My fascination with both gaming and horror started at an early age. My NES collection had classics such as Castlevania and Nightmare on Elm Street, but nothing came close to my obsession with the Friday The 13th game. The game was incredibly difficult and not very faithful to the series but something about it worked for me. The unnerving 8-bit music and the fear of running into the “man behind the mask” was more than enough to keep me entertained. Since then, Jason has been virtually absent in the gaming world aside from an appearance as a DLC character in Mortal Kombat X. It took 28 years but Jason Voorhees is back in his own game, the aptly titled Friday the 13th The Game.

This game is online multiplayer only and I found that to be a major turn off. Games like this run the risk of having a very short life span or even worse, not being able to find anyone to play with. I really enjoy revisiting older games in my collection so this worried me and kept me from downloading it. On October 13th a physical copy of Friday the 13th The Game was released for PS4 and Xbox One so I decided it was time to finally give it a try.

Friday the 13th The Game is an asymmetrical multiplayer game for up to 8 players. At the start of each match one player will be randomly selected to play as Jason Voorhees, the unstoppable killing machine. The rest of the players are the fragile counselors who must use their wits to escape or die trying. Each match the councilors must attempt to work together to meet objectives and escape the somewhat procedurally generated campsite. These objectives range from calling the police or fixing a car/boat to killing Jason. As you can imagine the latter is insanely difficult and requires an intense cooperation that I never ran across online. It is even possible to summon Tommy Jarvis to assist you if specific conditions are met. Little things like that show that the creators truly love the source material. The objective for Jason is very straight forward; Kill everyone and do not let the other players escape the campsite. Playing as Jason feels incredible and is every bit as satisfying as you would imagine. His abilities and skills are all basically in line with the films and work better in game than I originally expected. I still don’t love the idea of Jason being able to teleport around the map but I understand why the choice was made. Teleportation allows the slow supernatural killer to appear all over the map, keeping the councilors on their toes. It is effective but it’s odd to see Jason disappear and reappear. Throughout the game you can unlock new counselors and Jasons with different stats. Unlocking clothing, kills and characters with a basic progression system provides some replayability in a game that is light on content.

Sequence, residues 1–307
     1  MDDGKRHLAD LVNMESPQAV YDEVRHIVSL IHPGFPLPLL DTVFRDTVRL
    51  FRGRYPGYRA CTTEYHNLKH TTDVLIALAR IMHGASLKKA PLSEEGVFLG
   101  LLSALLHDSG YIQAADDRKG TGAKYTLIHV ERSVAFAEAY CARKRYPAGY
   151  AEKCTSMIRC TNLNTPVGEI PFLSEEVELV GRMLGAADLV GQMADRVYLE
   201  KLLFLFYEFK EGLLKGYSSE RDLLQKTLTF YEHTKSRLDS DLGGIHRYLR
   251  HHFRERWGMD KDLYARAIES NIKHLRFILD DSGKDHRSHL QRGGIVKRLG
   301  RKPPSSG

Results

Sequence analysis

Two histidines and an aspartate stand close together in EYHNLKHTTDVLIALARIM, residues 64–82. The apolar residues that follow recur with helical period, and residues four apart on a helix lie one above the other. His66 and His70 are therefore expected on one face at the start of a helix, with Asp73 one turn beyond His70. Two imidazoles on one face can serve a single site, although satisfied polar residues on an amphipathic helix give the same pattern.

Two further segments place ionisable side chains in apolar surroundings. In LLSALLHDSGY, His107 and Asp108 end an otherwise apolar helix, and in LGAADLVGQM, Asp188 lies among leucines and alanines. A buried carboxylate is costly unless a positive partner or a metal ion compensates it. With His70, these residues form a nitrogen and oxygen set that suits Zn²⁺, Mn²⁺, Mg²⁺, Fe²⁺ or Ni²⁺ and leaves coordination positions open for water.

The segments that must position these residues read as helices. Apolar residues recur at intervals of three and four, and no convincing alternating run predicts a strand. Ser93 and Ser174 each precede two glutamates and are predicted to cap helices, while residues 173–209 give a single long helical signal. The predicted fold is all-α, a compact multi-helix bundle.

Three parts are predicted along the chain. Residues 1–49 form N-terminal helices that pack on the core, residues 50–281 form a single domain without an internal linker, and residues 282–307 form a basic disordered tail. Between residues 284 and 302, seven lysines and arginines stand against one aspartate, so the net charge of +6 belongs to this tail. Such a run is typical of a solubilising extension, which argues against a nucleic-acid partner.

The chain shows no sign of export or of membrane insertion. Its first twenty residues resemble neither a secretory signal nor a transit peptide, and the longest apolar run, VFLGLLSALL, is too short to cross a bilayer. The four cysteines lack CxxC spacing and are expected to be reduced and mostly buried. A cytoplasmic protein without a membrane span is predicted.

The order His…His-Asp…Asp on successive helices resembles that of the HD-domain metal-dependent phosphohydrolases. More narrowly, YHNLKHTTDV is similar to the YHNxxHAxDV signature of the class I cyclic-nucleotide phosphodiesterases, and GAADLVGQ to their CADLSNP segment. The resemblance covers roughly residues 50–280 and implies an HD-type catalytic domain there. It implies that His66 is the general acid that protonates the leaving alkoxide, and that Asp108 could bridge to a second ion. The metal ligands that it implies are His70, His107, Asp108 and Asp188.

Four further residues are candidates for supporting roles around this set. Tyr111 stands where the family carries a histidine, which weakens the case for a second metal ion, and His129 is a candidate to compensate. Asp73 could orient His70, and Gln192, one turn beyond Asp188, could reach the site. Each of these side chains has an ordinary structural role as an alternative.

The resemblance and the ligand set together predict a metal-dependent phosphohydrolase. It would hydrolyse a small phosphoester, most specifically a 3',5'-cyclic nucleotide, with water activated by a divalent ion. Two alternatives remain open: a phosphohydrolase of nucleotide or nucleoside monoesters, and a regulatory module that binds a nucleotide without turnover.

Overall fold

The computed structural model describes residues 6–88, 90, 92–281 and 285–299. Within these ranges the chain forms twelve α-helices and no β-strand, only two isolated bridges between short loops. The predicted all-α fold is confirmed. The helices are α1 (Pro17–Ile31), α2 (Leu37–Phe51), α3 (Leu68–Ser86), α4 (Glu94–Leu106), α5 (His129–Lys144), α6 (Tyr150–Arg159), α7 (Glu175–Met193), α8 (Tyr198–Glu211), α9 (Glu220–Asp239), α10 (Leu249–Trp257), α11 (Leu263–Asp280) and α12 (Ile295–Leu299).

This game has plenty of stuff to love but in the end it needs some serious polishing. The cat and mouse slasher concept is very solid but when the game crashes or you encounter a game breaking bug it is hard to appreciate it. As it stands now I found myself having a great time with Friday the 13th the Game but I can’t recommend it to everyone. This game has incredibly tense moments that are frequently ruined by weird glitches and matches suddenly ending due to players leaving. If you love the franchise and understand that this is a Kickstarter game with some serious flaws that will likely be patched, it’s worth checking out. I am still holding out hope that we will get the single player mode and some new and varied multiplayer options soon. Currently there is only one multiplayer mode available with a scant 4 total maps. Finding a game isn’t always an easy task either. Although it is a lot of gory fun, I can’t see myself playing this for more than another week or two until the next big update.  Currently I give Friday the 13th The Game a 6 out of 10. The game has some incredible groundwork laid down and hopefully will get better over time with patches and new modes.